SEPTA

SEPTA

[sep-tuh]

The Southeastern Pennsylvania Transportation Authority (SEPTA) is a regional public authority that operates various forms of public transit — bus, subway and elevated rail, regional rail, light rail, and electric trolley bus — that serve 3.8 million people in and around Philadelphia, Pennsylvania. SEPTA also manages construction projects that repair, replace, and expand infrastructure and rolling stock.

SEPTA serves the combined city and county of Philadelphia, Delaware County, Montgomery County, Bucks County, and Chester County. SEPTA also serves New Castle County in Delaware, and Mercer County in New Jersey.

SEPTA has the fifth-largest transit system in the United States, with 280 active stations, over 450 miles of track, 2,295 revenue vehicles, 196 routes, and about 306.9 million annual unlinked trips. Average weekday ridership across the system is about 1,000,000 passengers. SEPTA also manages Shared-Ride services in Philadelphia and ADA services across the region. These services are operated by third-party contractors.

SEPTA is one of only two transit agencies in the United States that operate all of the five major types of transit vehicles: regional (commuter) rail trains, "heavy" rapid transit (subway/elevated) trains, light rail vehicles (trolleys), electric trolleybuses and motor buses. The other is Boston's Massachusetts Bay Transportation Authority.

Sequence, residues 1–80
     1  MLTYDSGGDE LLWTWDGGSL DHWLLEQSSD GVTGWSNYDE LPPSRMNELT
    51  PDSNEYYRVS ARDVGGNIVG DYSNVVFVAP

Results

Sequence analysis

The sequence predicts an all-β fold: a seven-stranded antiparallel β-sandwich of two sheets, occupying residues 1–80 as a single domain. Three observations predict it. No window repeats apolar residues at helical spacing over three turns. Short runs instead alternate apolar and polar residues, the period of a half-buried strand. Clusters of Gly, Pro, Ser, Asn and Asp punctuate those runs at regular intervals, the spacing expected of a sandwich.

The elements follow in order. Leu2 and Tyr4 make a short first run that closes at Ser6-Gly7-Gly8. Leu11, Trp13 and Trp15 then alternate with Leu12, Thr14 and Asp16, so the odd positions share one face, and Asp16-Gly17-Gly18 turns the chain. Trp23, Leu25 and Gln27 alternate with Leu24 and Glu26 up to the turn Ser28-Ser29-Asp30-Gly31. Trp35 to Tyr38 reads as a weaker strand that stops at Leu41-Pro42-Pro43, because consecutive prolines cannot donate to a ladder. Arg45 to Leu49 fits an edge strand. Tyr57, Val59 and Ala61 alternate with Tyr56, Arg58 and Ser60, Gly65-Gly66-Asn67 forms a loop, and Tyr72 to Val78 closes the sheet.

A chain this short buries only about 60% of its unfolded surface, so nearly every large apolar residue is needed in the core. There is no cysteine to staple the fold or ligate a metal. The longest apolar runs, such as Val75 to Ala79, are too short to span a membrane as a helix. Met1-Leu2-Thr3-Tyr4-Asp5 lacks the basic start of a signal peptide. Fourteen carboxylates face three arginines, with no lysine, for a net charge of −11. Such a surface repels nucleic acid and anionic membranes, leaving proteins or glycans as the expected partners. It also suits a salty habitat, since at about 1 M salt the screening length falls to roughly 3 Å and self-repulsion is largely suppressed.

SEPTA employs more than 9,000 people. Its headquarters is located at 1234 Market Street in Center City Philadelphia.

History

Formation

SEPTA was created by Pennsylvania state charter on August 17, 1963, to coordinate government subsidies to various transit and railroad companies in southeastern Pennsylvania.

On November 1, 1965, SEPTA absorbed two predecessor agencies:

  • The Passenger Service Improvement Corporation (PSIC), which was created on January 20, 1960 to work with the Reading Company and Pennsylvania Railroad to improve commuter rail service and help the railroads maintain otherwise unprofitable passenger rail service.
  • The Southeastern Pennsylvania Transportation Compact (SEPACT), created on September 8, 1961, by the City of Philadelphia and the Counties of Montgomery, Bucks, and Chester to coordinate regional transport issues.